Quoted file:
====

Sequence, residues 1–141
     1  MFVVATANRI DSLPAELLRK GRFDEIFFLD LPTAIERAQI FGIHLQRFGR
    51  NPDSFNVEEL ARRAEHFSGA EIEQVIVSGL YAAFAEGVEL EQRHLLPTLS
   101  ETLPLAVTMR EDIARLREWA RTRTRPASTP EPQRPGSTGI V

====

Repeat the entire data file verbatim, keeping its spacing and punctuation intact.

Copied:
Sequence, residues 1–141
     1  MFVVATANRI DSLPAELLRK GRFDEIFFLD LPTAIERAQI FGIHLQRFGR
    51  NPDSFNVEEL ARRAEHFSGA EIEQVIVSGL YAAFAEGVEL EQRHLLPTLS
   101  ETLPLAVTMR EDIARLREWA RTRTRPASTP EPQRPGSTGI V